A Self-Destructive Mind A Self-Destructive Mind
One of the most peculiar things you’ll hear in the rooms of Recovery is that “my mind has a contract out on my ass”.... A Self-Destructive Mind

One of the most peculiar things you’ll hear in the rooms of Recovery is that “my mind has a contract out on my ass”.

A typical response to such a claim might be a complete dismissal. “My mind is just fine, thank you very much”, I’d said to myself the first time I heard that. I considered myself to be a very kind person with a strong head on my shoulders and felt bad for the guy.

I grew to despise the blanket statements and repetitive rhetoric that is so frequently passed around AA meetings. Instead of allowing my intolerant mind to run wild at meetings, I now look for simple soundbites of truth at meetings instead. Sure, the unoriginal platitudes people regularly pass around sound brilliant at first, but for those who have been around for a while, it serves as an irritant. The shares that really touch my heart are authentic speeches that you can tell directly apply to that person’s life and have resulted through their own personal experience.

Truth is foundational in Recovery, a double-edged sword that can equally be used for healing as it can be used to shame. The problem I seem to be regularly faced with after some years in is when I peculiarly catch myself using the truth to harm myself.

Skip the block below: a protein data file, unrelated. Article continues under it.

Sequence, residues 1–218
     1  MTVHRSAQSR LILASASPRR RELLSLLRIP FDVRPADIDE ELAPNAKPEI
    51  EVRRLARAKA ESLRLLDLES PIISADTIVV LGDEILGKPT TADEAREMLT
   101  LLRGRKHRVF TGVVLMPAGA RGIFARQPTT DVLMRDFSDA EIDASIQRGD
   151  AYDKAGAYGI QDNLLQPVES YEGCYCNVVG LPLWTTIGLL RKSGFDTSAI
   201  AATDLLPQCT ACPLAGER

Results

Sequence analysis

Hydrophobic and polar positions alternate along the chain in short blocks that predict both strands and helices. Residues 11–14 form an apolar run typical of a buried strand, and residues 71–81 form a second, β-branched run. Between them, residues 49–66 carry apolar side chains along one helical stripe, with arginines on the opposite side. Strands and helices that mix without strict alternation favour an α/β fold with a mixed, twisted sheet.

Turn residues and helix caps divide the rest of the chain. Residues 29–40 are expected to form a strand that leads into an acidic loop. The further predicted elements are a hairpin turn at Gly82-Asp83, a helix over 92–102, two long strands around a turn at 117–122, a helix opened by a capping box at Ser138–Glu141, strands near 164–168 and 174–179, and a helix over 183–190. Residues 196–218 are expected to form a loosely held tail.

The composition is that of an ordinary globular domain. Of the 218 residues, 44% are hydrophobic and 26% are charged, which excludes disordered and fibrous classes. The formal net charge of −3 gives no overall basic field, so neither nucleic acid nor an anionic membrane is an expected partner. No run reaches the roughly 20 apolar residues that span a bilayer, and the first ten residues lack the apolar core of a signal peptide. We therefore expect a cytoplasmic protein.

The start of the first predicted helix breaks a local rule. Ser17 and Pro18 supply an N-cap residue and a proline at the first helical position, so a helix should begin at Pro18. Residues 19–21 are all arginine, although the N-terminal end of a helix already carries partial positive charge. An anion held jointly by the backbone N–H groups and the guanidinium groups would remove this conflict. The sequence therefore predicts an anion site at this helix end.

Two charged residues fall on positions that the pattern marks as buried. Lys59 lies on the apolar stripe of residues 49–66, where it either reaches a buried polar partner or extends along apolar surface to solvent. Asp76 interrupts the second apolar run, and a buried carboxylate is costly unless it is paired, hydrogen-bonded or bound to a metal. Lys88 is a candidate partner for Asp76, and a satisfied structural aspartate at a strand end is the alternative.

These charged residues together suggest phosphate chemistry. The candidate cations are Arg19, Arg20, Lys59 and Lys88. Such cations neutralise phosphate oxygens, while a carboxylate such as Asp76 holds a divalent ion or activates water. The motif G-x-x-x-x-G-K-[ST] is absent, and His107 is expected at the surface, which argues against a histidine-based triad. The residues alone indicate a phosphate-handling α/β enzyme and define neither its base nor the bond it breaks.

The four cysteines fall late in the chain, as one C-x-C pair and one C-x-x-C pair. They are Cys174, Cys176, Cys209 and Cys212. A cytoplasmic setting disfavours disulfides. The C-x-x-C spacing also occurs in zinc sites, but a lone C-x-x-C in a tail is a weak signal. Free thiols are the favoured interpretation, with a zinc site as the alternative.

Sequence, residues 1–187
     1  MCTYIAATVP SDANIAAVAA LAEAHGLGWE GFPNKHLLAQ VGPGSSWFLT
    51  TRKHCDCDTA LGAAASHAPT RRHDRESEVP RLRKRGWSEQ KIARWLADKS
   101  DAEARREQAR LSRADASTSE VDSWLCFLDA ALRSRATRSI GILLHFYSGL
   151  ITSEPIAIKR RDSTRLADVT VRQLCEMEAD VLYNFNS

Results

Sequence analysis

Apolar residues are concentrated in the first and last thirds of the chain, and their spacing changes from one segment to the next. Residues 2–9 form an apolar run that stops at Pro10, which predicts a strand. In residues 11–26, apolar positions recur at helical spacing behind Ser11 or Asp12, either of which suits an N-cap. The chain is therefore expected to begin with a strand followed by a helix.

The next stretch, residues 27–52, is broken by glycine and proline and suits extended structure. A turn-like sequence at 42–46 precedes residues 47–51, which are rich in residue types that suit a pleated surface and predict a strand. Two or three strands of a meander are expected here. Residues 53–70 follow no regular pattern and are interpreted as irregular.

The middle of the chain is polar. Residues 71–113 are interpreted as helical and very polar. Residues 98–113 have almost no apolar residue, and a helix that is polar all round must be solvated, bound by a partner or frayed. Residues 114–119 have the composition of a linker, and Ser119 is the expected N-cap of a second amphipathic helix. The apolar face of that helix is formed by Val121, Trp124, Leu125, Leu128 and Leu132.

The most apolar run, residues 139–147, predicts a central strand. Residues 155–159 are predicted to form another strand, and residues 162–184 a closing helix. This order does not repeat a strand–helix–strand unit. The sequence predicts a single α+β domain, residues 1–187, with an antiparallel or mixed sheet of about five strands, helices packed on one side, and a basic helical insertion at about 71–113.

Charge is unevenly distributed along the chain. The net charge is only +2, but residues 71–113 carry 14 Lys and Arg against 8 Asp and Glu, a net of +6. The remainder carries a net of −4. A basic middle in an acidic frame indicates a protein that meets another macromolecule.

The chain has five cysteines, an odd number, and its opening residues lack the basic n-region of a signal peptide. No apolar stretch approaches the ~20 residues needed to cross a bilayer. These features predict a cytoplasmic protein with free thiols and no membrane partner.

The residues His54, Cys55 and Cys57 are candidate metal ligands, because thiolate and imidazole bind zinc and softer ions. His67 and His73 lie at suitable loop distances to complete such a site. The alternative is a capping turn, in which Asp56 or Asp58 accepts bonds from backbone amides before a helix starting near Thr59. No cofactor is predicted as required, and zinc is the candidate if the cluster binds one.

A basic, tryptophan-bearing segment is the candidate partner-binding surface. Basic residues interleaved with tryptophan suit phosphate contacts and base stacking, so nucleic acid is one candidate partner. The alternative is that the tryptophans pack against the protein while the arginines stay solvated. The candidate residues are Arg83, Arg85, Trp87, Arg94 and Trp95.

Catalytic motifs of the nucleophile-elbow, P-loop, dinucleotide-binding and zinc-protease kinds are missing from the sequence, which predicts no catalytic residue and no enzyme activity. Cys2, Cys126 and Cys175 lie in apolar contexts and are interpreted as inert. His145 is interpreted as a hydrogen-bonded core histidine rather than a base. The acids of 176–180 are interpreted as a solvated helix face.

Prior to entering AA, and beginning to change my whole fucking life, my impulsive self-destructive tendencies were managed through the ingestion of substances. When my potent sedating solution was all of a sudden taken from me and was then told to ruminate on tools of introspection, my suffering was magnified tenfold. I became incredibly attune to my thoughts, and as you can imagine they weren’t very joyous.

The longer I stay sober, and the more my introspective skills develop, the more apparent my twisted thought patterns reveal themselves. If you pair this with a tendency of entitlement and not having to practice spiritual principles as taught, you can really find yourself in an emotional pickle. Have you ever said to yourself, “I have ____ years now, and I should be free from emotional pain!” This idealistic train of thinking seems plausible, but it is far from reality for a sober alcoholic mind. I guess when they spoke about a program of action, I just assumed it was like a four-year degree and then I would have fulfilled my spiritual bootcamp. I would qualify for a Ph.D. in recovery at this point in my journey, but I assure you the spiritual reps continue.

After a few thousand days on this spiritual path, I too have been met with the sad realization, that I’ve been blessed with a mind that seems to be hardwired and habitually gravitates toward suffering. If my mind is left on autopilot, it unconsciously navigates towards Self-destruction. While this can feel like a hopeless battle at times, it is an easy flightpath to course-correct on. All I need to do is pick up my spiritual tool belt again. I can walk through life as a victim, or I can pick up my spiritual tools and begin to walk in harmony again – the choice is mine.

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